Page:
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Old 12-26-2006, 01:03 AM   #11
Bus Nut
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OH yeah, I almost forgot you are going to want a good heavyduty 1/2" drill minimum, larger is even better and low rpm is advantagous, loop a piece of light 1/4" chain around the framerail and have a helper use a lever inserted in the loop to apply pressure on the drill while you align and aim it, it's a good team building, communication exercise that will really speed up the process and also save many aching muscles.

good luck
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Old 12-26-2006, 04:17 PM   #12
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After going back and looking at the LATCHO DROM II site how is the rear body attached to the frame? Is it possable to unbolt it from the truck frame, jack it up and drive the bus out from under it? If so yuou could cut the body down to make your flatbed(cut off the top, cut the sides off above the wheel wells, remove the bus and shorten the frame, then trim the rear body so the wheelwells fit over the tires, install it back onto the bus, reattach the tiedowns to frame and then finish the top of the sides somehow. Inside the bed some joist brackets to drop in temporary crossmembers to carry longstuff will make you popular at the supply house/lumber yard, flat surface above the wheelwells and fifth wheel so someone can load you with a forklift or lay sheetgoods flat, good tiedown points would also be a good thing.
It also looks like your truck boxes could be installed ahead of the rear tires and either hung from the body or mounted on some angle iron L brackets bolted to the frame.

Your fifth wheel hitch should be bolted to the truck frame not the body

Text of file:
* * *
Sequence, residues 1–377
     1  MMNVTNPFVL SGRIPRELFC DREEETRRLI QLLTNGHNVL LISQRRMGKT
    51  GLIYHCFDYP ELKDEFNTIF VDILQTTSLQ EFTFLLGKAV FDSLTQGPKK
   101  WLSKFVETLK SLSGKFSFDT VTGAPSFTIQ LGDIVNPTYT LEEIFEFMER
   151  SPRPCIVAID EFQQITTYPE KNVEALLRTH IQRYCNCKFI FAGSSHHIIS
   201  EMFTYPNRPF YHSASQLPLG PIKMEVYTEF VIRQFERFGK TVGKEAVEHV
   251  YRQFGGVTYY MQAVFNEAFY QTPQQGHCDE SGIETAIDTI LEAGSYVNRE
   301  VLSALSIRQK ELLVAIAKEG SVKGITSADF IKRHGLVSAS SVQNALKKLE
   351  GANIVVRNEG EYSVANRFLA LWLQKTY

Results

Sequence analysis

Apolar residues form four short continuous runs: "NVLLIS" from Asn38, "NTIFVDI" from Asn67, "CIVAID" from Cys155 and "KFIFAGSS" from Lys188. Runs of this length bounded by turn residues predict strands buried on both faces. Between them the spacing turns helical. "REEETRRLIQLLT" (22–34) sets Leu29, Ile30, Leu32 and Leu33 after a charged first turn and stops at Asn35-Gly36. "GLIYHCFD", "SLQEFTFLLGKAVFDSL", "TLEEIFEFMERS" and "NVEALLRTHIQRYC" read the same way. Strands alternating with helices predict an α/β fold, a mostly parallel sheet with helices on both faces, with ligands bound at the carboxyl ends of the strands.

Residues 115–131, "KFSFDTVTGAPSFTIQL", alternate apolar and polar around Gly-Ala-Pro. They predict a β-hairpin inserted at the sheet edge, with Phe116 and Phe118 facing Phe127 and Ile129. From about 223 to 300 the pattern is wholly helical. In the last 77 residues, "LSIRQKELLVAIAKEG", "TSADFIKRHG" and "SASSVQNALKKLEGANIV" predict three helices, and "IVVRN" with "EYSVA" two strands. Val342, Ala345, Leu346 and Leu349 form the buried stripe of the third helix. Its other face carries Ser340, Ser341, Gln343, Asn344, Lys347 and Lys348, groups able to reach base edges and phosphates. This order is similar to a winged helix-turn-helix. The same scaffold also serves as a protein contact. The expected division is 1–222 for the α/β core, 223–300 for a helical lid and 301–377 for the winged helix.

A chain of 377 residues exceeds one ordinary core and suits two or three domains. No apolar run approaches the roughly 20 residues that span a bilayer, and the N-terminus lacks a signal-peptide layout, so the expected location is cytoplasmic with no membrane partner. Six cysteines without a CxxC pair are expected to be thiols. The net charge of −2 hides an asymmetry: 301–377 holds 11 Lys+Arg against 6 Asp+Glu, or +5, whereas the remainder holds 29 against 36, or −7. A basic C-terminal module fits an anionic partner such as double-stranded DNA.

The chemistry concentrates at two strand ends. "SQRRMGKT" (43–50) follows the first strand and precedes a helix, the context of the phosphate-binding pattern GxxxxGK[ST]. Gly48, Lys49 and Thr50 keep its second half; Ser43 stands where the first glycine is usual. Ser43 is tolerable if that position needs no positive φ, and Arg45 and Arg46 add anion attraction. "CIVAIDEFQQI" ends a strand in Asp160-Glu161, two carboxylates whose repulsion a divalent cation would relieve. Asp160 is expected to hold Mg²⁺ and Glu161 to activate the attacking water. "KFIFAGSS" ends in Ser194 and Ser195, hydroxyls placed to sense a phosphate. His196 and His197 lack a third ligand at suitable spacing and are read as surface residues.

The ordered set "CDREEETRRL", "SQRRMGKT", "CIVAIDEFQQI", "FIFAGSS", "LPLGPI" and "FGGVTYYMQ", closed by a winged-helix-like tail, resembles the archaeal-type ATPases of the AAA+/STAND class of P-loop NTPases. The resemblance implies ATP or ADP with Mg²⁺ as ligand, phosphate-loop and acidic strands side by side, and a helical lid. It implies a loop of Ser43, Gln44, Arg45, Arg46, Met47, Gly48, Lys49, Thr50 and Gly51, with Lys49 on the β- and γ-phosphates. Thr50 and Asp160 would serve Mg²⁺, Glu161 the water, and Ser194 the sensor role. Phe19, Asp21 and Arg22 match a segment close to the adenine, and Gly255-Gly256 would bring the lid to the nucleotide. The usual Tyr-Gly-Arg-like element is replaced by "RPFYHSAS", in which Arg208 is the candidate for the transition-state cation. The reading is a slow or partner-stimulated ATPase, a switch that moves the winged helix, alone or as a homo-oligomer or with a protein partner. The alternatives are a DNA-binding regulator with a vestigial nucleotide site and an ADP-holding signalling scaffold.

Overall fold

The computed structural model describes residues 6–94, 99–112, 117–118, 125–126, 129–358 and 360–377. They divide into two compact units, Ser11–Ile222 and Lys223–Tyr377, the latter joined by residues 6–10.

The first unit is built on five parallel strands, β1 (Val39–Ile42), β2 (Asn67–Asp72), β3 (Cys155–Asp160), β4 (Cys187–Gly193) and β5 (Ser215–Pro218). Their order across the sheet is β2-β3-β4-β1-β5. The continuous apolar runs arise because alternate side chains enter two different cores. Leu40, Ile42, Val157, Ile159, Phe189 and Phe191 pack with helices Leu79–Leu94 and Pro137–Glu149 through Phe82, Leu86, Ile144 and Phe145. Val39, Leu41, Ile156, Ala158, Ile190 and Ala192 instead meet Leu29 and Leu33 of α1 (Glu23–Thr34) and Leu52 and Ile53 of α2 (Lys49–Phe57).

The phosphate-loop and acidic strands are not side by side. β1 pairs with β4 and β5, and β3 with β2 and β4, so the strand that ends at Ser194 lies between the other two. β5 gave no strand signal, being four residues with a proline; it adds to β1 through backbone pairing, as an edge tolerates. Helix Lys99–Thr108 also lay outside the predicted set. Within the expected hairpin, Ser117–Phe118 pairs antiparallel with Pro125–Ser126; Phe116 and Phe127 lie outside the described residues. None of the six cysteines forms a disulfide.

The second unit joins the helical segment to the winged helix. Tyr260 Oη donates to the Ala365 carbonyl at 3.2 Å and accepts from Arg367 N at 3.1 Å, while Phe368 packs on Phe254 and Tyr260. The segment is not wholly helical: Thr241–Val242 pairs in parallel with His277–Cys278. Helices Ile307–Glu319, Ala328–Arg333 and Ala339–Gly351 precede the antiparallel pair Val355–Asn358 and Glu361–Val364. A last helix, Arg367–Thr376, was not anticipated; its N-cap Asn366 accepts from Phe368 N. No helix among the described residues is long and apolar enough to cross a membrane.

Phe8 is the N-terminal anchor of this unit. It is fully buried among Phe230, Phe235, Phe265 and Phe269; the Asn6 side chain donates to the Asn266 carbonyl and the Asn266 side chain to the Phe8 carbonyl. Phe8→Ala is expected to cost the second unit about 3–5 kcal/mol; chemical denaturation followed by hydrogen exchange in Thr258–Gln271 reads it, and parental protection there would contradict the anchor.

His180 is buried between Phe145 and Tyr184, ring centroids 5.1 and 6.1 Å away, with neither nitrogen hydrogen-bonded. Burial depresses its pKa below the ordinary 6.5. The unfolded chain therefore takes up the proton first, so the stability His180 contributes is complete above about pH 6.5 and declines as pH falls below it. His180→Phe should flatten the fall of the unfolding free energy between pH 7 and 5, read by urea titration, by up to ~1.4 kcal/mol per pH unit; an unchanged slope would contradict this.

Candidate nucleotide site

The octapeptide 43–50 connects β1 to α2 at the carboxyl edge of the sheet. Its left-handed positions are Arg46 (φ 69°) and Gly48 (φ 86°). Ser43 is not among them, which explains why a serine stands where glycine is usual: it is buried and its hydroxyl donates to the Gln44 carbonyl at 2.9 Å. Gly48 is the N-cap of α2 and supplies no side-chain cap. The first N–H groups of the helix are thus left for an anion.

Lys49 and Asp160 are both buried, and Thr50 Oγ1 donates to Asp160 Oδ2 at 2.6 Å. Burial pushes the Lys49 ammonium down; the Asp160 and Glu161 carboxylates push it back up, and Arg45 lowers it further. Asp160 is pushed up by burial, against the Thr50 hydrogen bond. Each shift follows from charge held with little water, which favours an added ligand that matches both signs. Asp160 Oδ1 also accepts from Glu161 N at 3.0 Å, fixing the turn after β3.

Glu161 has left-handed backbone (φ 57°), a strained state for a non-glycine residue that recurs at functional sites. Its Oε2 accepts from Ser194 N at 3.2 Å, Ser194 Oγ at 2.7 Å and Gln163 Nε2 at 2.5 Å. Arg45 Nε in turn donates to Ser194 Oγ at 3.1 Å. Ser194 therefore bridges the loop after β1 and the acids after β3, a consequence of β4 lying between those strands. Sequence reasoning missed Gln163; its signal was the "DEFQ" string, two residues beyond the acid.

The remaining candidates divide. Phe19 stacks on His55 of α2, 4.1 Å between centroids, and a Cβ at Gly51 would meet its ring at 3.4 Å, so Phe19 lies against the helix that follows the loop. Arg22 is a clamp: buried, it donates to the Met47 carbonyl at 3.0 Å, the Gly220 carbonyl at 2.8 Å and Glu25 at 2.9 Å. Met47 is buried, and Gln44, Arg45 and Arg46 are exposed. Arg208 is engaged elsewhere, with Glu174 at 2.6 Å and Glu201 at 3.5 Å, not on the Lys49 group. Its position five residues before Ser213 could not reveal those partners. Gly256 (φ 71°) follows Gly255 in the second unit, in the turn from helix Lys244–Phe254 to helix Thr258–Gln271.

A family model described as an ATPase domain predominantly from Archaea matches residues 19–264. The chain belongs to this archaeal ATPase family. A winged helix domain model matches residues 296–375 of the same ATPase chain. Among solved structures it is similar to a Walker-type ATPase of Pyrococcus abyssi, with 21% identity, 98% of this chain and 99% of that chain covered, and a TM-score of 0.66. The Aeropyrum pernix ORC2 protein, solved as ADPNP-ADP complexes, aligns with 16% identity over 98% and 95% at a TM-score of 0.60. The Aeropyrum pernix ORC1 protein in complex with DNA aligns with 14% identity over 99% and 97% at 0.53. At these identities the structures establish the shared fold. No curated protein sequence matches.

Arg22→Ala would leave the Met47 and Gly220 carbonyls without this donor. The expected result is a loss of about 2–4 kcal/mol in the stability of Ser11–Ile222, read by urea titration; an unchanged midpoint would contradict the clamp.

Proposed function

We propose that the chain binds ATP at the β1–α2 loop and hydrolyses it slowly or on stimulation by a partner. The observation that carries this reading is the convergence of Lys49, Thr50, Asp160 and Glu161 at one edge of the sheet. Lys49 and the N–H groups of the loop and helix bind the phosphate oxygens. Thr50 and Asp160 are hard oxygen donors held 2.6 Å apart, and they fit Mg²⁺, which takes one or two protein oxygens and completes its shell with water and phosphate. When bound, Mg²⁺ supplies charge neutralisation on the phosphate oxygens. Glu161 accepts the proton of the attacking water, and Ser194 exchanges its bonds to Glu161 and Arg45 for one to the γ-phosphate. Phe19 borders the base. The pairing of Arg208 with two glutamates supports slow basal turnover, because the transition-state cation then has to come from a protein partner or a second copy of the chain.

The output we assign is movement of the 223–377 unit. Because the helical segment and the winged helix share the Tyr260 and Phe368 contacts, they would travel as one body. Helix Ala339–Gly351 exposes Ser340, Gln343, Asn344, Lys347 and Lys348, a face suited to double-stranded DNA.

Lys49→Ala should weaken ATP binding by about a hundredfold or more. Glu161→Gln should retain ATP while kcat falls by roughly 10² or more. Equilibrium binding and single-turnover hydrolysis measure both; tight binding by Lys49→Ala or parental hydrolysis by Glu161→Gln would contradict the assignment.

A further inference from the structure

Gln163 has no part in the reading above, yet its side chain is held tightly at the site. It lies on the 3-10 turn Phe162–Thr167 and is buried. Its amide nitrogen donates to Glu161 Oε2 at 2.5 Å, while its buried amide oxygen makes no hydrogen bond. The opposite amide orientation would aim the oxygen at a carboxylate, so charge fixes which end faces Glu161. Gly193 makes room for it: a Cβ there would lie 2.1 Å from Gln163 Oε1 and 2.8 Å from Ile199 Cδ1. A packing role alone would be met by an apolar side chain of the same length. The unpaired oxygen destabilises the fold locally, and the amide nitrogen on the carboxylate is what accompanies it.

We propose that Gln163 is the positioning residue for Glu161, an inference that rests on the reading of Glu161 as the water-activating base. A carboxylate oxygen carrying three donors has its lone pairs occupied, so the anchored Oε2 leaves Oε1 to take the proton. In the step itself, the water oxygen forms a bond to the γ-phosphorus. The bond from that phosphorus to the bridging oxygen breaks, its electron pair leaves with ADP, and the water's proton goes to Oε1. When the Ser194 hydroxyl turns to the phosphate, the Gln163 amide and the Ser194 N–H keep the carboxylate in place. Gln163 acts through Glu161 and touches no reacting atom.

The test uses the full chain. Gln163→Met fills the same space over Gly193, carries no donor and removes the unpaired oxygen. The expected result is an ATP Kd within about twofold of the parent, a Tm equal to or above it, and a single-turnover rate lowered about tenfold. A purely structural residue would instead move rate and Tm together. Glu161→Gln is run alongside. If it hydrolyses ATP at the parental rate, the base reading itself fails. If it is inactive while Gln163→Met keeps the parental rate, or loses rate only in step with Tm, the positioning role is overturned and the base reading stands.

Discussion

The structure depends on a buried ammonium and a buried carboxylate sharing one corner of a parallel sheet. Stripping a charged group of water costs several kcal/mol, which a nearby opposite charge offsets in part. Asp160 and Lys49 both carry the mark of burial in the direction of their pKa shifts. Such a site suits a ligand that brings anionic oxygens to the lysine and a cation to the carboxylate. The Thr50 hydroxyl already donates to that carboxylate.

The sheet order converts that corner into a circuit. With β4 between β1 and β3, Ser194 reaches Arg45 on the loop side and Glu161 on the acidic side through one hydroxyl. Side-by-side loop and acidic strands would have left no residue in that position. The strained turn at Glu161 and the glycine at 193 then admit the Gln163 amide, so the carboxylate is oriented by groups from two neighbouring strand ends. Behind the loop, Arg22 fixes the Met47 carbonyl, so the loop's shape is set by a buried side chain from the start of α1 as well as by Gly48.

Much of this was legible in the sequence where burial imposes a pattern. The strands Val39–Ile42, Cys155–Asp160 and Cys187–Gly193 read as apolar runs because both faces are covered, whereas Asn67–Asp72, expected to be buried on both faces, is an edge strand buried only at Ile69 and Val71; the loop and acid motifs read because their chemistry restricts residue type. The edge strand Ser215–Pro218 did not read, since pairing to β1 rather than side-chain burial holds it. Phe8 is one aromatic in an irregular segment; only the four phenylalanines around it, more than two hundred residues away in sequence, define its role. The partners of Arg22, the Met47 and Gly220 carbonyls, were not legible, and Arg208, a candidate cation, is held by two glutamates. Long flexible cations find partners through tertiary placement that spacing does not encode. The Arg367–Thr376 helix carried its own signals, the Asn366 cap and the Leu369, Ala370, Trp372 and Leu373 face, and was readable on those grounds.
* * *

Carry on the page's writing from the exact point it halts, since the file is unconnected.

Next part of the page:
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Old 12-27-2006, 11:30 AM   #13
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Thanks Paul …
I wish I had the option to just un-bolt the back section and pull it off the frame. That certainly would make my life easier.
But there’s no place here on the island to get rid of the body (as is).
Our dump won’t take it…so I’ll have to whip out my hateful sawzall and cut her up into pieces the dump will take.

Since my little house is the size it is ….I’m not going to move the rear axle forward . I’ll leave it where it is and cut the frame back close to the axle hangers.
For the bed part I’m going for a frame of steel with pressure treated deck lumber for the trucks deck.
I’ve been checking out the MDT & HDT forums and have gotten some really good ideas for building my deck.
Thanks I had planned on hanging my boxes below the rear deck.

All of that has to wait for better weather ,were having some of the worst storms people have ever seen here ….so I decided no more foolish stuff like trying to work outside in bad weather.
What I am working on right now is running around town asking people if I can crawl under their trailers to take pics of their frame.
The steel I needed for the 20 foot main center frame section of our trailer project got delivered last week I’m getting all my numbers right , because I want to have a welder put her together soon.